Get to Know...Alfredo Cantero
CoST has a great international supporter base and in our new ‘Get to Know’ feature, we’ll be introducing the people that are bringing CoST to life across the globe.
Kicking things off is Alfredo Cantero, government representative in the CoST Honduras Multi-Stakeholder Group (MSG) and CoST’s new Board member.
In the interview, Alfredo explains that "you can be a small, developing country with limited resources but still successfully implement CoST and reap the benefits of a transparent infrastructure sector". Read more here.
This is why construction is so corrupt
The value of global construction output is expected to increase by $8 trillion to reach $17.5 trillion per annum by 2030. It is difficult to determine precisely the value of losses through corruption, but estimates tend to range between 10 and 30%. The experience of the CoST programme suggests that a similar amount could be lost through mismanagement and inefficiency.
In a blog for the World Economic Forum, CoST’s Executive Director Petter Matthews discusses the reasons behind corruption in construction and how the issue can be tackled. Read more here.
New reports highlight the potential of CoST globally
Those on the ground believe CoST’s strength is its ability to “get simple information to the public…[and] reduce corruption in construction” whilst the international donor community “see CoST’s unique focus on transparency in infrastructure as filling an important gap”.
These are the findings from reports published this month into the value and potential of CoST. Read more here.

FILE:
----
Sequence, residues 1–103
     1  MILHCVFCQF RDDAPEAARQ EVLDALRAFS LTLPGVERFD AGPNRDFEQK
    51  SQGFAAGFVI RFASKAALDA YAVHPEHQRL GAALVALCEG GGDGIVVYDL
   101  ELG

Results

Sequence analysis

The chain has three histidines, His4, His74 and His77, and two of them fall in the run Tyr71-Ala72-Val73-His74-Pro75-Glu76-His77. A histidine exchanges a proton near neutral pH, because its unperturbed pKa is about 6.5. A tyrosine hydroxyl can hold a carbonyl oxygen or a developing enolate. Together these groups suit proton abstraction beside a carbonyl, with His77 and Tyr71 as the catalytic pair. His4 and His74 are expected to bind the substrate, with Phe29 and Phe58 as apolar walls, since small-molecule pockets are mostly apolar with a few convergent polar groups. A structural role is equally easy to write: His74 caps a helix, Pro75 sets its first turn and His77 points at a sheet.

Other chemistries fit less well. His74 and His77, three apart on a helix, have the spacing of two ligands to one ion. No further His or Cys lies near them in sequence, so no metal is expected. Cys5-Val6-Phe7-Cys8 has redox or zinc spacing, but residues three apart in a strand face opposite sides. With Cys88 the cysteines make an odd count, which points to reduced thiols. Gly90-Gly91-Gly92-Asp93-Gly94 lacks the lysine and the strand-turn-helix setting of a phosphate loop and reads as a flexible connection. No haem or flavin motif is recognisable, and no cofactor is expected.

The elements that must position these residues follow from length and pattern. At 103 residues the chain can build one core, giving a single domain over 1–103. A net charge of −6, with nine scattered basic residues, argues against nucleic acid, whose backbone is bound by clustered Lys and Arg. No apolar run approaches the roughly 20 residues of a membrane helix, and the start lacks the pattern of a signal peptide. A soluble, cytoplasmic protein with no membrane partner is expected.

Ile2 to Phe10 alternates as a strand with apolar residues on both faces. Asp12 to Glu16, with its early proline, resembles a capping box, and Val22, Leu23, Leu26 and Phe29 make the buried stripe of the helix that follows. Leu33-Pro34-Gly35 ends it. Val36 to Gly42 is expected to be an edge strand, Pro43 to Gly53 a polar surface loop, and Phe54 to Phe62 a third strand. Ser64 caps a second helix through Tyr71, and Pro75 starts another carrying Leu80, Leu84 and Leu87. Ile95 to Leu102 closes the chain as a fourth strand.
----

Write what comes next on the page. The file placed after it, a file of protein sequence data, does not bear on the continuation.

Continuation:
Lessons from Seoul: Strengthening transparency and accountability
Petter Matthews, Executive Director of CoST, recently delivered a keynote speech at an international workshop for public construction transparency organised by the UNDP, Seoul Metropolitan Government and the Korean Ministry of Foreign Affairs. Taking place in Seoul, the workshop utilised the capital’s Clean Construction System (CCS) as an initial reference point before drawing best practice examples from CoST and other international actors. Read more here.
New funding announced at CoST Tanzania AGM
During the latest CoST Tanzania AGM, it was announced that the Africa Open Data Collaboration Fund (AODC) has awarded the national programme US$15,000. CoST Tanzania will design tools for CSOs operating at sub-national level to monitor procurement and implementation of infrastructure projects in education and health. Read more here.
Breaking the chain in Malawi with an Anti-Corruption Symposium
Reflecting on International Anti-Corruption Day 2015 and its #BreakTheChain theme, CoST Malawi and other leading civil society organisations held an Anti-Corruption Symposium in December with a focus on infrastructure development. The Symposium brought citizens and stakeholders together to highlight the true cost of corruption in construction. Read more here.
Lack of transparency is a key concern in latest assurance report from CoST Guatemala
CoST Guatemala has published its fifth assurance report, featuring analysis of over thirty public sector infrastructure projects including roads, water, sanitation, schools and hospitals. A key finding from the report is that time overruns were found in all case studies, often due to mismanagement. The report has been widely circulated amongst stakeholders, including an assurance event covered by El Periodico in Spanish. Read more here.